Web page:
How to help stop the spread of Covid19 right now, at home, in 15 minutes

The U.S. desperately needs:

- more hospital beds
- more testing kits
- more supplies (hand sanitizer, ventilators, etc.)

To get those, government officials need to be really pressed on committing to specific deliverables.

Those who can do that are the reporters who have direct access to government officials.

Unfortunately, so far those reporters aren’t doing such a great job.

That’s where you come in: if enough people demand they start asking tough questions, they’ll feel compelled to truly hold government officials accountable.

You can easily do that right now just by sending emails or tweets.

Here’s a sample email you could send:

I’ve enjoyed your work, but asking Trump to rank his coronavirus performance was worthless. That question will have no impact on what the USA desperately needs.

Everyone desperately needs more hospital beds, more test kits, and more supplies like ventilators and hand sanitizer.

Everyone needs those with access to government officials to concentrate on things that actually matter.

I’m asking you to consult with experts and develop *tough* questions that will really put admin officials on the spot about specific deliverables.

For instance, ask how many additional hospital beds we’ll have in two weeks. Not just if they’re working on additional hospital beds, but demand specific numbers. Then, follow up.

Everyone is counting on you to hold admin officials accountable on things that really matter.

Are you going to do that?

Of course, modify that based on the specific reporter. You can find out who asked what by reading transcripts, watching videos of press conferences, or on social media. Then, look up the reporter’s email and write them a note. Or, just send them a condensed version of the above.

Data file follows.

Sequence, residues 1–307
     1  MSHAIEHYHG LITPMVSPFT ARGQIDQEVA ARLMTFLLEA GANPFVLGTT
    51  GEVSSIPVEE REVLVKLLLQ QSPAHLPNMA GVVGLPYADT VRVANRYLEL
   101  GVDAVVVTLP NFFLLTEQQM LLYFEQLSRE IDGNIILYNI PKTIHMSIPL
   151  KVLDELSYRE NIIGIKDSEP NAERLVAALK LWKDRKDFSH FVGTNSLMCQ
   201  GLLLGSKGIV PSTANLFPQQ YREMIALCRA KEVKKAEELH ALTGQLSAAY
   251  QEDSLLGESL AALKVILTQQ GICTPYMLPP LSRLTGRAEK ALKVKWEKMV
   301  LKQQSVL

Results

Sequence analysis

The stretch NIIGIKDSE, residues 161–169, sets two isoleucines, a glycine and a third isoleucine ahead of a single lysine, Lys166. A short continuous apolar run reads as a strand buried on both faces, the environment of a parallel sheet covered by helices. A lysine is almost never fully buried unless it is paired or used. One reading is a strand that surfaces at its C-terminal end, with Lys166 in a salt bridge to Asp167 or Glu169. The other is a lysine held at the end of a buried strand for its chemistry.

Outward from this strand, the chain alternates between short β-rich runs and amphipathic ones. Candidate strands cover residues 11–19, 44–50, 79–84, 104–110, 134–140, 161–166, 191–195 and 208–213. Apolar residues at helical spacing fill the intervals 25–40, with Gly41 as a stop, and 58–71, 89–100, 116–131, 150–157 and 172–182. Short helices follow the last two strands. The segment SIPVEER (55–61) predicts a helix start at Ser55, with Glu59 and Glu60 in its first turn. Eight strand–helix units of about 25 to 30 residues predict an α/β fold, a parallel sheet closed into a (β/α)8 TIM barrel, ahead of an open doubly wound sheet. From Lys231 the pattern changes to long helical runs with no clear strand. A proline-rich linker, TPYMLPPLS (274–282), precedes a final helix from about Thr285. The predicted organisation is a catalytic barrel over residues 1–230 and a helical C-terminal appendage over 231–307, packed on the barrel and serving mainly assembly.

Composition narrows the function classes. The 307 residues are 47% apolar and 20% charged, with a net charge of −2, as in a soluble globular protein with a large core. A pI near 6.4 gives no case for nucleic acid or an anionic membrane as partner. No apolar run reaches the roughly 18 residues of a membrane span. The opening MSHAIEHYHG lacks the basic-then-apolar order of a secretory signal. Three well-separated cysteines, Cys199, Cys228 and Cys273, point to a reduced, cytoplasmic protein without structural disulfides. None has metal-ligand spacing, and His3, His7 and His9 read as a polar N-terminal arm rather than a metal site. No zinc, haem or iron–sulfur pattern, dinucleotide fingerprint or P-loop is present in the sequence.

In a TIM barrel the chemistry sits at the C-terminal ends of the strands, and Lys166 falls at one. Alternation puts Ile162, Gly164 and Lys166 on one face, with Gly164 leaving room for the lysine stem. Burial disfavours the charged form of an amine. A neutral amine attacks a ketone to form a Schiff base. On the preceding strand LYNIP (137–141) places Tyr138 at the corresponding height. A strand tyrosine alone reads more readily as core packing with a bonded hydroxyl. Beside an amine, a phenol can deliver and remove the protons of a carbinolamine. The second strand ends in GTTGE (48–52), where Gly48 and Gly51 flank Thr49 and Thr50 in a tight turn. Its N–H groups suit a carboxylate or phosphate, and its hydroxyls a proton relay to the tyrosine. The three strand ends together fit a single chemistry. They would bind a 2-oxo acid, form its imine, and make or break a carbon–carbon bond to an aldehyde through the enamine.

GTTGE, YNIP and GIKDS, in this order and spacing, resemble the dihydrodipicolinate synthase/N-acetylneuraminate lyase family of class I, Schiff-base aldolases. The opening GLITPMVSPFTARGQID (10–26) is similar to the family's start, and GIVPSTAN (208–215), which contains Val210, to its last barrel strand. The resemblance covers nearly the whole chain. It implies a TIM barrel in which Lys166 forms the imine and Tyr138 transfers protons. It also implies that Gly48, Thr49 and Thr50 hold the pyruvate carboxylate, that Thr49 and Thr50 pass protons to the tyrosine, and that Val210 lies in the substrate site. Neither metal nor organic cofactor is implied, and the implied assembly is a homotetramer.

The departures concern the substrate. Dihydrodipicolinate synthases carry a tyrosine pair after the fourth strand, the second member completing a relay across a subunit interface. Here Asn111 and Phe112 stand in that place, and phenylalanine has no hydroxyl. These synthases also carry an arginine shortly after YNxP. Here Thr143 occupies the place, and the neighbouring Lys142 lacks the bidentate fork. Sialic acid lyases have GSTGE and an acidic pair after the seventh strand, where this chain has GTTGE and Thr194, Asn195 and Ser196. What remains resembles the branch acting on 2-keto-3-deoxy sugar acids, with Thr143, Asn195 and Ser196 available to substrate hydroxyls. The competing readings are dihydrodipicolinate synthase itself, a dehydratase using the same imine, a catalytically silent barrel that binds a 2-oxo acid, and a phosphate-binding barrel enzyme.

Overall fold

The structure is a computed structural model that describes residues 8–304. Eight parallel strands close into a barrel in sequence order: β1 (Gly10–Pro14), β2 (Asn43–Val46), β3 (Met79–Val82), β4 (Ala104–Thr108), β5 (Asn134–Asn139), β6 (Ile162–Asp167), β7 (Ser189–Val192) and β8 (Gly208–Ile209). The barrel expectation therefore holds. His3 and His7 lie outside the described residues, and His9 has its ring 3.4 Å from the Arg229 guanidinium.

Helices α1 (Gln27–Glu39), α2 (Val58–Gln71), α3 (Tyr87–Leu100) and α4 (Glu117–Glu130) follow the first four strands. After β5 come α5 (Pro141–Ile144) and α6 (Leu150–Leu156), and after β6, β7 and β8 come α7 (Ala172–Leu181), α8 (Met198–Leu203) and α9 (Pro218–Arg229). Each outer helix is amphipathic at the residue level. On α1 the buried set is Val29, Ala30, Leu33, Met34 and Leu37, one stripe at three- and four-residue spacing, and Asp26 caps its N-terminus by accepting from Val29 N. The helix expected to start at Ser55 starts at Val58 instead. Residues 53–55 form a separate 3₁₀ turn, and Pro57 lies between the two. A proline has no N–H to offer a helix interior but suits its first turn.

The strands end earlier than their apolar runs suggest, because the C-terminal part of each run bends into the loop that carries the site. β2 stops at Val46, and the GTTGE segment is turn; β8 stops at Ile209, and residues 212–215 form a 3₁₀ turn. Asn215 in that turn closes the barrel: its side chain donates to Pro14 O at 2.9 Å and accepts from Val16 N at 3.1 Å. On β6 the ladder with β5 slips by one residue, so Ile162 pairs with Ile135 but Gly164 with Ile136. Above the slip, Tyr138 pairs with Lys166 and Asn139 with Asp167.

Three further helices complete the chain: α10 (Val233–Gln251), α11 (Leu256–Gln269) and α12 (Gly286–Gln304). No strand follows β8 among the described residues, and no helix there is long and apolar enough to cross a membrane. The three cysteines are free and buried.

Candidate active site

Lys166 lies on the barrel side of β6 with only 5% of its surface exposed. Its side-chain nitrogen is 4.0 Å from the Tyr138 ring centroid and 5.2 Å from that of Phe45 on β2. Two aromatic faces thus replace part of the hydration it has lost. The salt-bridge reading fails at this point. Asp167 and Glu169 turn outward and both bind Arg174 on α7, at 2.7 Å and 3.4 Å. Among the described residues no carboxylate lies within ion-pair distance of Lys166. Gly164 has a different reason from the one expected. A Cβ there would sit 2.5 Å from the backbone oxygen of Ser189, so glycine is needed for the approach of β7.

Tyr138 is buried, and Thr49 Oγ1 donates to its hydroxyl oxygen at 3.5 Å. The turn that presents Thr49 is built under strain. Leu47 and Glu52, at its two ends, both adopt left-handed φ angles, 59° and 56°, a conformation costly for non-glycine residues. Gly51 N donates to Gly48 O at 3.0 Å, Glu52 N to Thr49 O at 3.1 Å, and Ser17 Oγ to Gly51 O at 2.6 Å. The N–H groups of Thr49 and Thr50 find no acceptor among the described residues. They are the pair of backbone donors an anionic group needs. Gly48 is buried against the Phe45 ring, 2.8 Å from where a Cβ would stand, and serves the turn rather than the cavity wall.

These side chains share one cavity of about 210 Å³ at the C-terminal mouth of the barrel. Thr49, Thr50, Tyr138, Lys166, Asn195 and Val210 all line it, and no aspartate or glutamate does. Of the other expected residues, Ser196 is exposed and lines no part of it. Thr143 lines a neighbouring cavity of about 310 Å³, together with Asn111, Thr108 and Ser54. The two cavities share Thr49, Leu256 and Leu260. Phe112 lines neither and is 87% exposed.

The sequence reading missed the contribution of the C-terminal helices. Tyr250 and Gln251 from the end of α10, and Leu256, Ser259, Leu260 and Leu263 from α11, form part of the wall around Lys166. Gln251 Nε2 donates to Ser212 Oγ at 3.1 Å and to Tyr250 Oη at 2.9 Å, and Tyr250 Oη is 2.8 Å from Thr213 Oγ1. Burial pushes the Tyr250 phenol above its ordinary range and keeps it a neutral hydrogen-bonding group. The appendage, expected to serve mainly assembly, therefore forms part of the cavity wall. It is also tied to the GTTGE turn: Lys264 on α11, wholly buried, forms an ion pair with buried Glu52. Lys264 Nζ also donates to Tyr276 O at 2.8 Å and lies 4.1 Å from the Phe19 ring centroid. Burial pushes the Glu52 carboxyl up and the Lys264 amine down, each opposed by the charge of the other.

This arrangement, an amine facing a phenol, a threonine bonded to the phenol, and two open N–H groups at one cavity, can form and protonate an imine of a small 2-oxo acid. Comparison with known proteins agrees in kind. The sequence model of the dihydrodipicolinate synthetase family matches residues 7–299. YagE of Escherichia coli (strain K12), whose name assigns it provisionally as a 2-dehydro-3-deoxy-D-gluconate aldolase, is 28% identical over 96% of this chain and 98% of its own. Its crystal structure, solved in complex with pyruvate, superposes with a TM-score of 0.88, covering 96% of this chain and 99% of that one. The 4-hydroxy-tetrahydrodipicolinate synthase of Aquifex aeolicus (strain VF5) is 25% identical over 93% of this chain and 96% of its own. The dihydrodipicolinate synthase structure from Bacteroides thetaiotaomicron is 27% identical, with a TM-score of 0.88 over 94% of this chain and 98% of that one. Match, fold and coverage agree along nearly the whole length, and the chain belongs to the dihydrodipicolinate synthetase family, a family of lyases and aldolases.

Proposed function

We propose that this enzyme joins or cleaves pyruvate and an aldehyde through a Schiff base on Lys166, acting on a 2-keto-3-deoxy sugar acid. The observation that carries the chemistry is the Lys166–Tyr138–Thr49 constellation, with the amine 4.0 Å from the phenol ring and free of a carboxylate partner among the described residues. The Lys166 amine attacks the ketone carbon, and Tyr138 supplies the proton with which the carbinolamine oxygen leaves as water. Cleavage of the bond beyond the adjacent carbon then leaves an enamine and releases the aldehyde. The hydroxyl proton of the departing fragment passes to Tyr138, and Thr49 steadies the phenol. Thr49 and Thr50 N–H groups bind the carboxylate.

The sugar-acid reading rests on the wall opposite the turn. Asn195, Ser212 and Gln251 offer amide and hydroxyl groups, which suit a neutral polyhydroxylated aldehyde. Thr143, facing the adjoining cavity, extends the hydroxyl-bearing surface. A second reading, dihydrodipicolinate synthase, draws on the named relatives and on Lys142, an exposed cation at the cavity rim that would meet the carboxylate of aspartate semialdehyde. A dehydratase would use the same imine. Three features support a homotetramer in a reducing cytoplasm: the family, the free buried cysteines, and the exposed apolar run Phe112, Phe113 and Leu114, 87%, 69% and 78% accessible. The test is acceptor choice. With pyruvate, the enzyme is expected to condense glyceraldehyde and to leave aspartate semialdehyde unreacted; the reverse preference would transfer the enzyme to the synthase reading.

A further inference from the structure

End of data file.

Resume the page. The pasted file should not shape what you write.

You can be friendly but firm and demand they do a better job.

Or, if it suits you, you can also play “bad cop” and inform the reporter that you’ll help me conduct a social media campaign designed to undercut them to their colleagues and audience. Reporters tend to be careerists and if they think doing business as usual is a “Career Limiting Move”, they’ll quickly correct their behavior.

No matter how you do it, let them know that the old rules are out the window: they have to start really pressing officials on specific questions that will lead to better performance.

As I know from personal experience, some people treat reporters like rock stars and take umbrage at the suggestion their idol isn’t doing their job: “I like so-and-so.” If that reporter had really pressed officials in January and February about the necessity of more tests, would it have taken so long to get the bare minimum of tests?





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